It is generally agreed by experts that reading is a complex process.
When we read we are seeking meaning from the words and/or pictures on a page or on a screen. Children who become successful readers are helped to make sense of what they read from the beginning and they need books that interest them.
As children are read to and enjoy picture books and rhymes with their parents they begin to ‘read’ books for themselves, using their memory of the story.
As children continue to have more experience of books and stories they begin to be able to really focus on the words on the page, to recognise some words, and begin to read for themselves. Like many aspects of language and learning development, learning to read varies from child to child.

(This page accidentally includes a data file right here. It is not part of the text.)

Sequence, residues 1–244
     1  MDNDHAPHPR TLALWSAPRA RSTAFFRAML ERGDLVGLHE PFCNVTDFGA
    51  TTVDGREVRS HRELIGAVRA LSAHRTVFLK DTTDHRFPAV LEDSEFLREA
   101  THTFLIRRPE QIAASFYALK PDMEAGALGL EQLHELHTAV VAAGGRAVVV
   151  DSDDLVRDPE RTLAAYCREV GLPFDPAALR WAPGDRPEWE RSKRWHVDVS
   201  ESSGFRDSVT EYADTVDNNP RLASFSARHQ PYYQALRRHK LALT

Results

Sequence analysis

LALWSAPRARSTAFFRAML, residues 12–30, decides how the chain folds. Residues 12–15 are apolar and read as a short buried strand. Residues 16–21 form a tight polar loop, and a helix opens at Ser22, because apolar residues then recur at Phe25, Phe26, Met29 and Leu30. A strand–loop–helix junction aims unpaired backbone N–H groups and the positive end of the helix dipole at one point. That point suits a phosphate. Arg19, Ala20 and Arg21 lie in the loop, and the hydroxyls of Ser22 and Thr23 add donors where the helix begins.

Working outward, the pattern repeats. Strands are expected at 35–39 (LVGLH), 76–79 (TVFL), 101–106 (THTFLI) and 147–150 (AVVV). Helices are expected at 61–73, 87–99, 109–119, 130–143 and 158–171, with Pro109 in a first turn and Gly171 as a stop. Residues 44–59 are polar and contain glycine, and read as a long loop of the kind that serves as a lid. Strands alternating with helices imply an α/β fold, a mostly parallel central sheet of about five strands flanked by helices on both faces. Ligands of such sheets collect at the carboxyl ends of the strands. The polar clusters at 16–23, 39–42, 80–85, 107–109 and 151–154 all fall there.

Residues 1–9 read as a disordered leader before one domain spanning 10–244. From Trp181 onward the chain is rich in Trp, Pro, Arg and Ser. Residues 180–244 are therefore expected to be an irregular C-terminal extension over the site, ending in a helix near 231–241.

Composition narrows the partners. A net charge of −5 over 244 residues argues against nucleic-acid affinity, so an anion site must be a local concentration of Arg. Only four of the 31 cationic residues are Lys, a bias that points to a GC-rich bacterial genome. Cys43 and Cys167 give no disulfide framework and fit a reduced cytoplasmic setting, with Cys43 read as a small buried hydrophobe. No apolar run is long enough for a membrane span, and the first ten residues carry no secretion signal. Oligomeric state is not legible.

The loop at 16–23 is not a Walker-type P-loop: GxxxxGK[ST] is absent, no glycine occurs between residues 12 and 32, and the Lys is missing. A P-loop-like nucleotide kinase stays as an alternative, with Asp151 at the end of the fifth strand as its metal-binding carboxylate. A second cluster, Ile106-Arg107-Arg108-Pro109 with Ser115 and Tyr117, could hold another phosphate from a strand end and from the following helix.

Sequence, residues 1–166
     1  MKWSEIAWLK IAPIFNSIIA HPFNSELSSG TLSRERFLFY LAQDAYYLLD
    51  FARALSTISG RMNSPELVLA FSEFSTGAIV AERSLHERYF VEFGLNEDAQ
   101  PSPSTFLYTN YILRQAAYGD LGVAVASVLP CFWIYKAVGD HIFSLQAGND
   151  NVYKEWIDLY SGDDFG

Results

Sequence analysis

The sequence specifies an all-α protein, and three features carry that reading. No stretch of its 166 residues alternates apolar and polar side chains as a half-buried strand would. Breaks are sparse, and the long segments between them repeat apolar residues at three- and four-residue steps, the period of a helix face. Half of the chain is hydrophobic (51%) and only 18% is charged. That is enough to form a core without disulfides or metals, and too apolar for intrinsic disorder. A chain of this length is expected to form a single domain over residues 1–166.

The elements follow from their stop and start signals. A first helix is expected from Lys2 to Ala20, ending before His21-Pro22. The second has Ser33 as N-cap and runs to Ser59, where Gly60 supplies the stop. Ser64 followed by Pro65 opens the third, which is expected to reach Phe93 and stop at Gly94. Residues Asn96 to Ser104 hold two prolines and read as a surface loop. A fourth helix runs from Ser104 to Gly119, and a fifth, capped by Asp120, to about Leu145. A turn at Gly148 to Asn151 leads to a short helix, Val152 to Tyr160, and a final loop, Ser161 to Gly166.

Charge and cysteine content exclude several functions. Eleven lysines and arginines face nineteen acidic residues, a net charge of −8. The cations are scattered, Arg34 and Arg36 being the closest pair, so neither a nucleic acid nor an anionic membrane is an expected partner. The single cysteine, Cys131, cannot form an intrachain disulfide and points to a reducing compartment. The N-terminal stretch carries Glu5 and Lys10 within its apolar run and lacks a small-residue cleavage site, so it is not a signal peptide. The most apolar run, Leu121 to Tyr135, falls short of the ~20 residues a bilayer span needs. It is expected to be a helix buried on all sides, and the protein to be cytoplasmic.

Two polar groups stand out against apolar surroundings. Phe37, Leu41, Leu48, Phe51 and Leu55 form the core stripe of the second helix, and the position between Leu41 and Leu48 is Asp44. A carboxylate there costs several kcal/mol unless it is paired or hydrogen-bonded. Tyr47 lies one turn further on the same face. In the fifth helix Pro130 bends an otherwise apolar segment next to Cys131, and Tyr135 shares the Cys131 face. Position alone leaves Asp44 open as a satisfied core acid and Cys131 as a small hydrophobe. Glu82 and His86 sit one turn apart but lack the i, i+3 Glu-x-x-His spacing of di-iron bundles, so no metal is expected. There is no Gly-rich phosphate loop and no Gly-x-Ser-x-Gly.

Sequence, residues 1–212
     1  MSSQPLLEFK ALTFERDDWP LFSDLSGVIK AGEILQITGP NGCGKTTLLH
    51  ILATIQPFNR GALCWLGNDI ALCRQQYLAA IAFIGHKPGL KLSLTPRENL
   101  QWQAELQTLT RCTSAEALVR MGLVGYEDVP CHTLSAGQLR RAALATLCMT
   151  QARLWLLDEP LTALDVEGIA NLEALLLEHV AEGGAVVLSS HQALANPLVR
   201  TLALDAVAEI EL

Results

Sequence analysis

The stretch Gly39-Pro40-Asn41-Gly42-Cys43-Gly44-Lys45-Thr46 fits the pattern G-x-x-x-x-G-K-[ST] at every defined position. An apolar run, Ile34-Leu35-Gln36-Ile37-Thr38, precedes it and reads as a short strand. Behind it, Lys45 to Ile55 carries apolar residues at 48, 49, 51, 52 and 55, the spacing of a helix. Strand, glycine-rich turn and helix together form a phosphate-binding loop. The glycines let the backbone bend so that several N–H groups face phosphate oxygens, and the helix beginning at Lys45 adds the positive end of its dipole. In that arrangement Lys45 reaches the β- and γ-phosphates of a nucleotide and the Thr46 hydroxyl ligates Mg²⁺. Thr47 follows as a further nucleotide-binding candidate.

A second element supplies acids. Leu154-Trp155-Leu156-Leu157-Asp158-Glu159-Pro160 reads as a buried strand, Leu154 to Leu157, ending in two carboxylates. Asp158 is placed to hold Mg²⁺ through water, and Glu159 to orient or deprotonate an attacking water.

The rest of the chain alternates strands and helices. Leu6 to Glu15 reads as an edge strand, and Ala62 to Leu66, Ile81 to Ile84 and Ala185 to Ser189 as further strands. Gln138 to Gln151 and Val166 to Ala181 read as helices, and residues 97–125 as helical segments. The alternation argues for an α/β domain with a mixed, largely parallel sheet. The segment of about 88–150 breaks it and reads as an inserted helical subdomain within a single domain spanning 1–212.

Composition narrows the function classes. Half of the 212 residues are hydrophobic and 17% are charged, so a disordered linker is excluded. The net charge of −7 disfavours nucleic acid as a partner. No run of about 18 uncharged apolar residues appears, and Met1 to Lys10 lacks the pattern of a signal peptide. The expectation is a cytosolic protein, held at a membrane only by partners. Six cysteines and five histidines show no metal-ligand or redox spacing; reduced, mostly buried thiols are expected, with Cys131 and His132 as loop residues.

When children do begin to read for themselves, they are helped by all the experiences of books, stories and talk they have had with parents and carers – not just about books but about everyday events and activities.
These shared experiences of language and life can help children to make sense of stories. They will be able to realise whether a sentence ‘sounds right’ and begin to be able to make a ‘best-guess’ for reading the words. Children use the patterns and rhythms of a book to help them read fluently. This is why rhyming books are very supportive for children at the beginning stages of reading.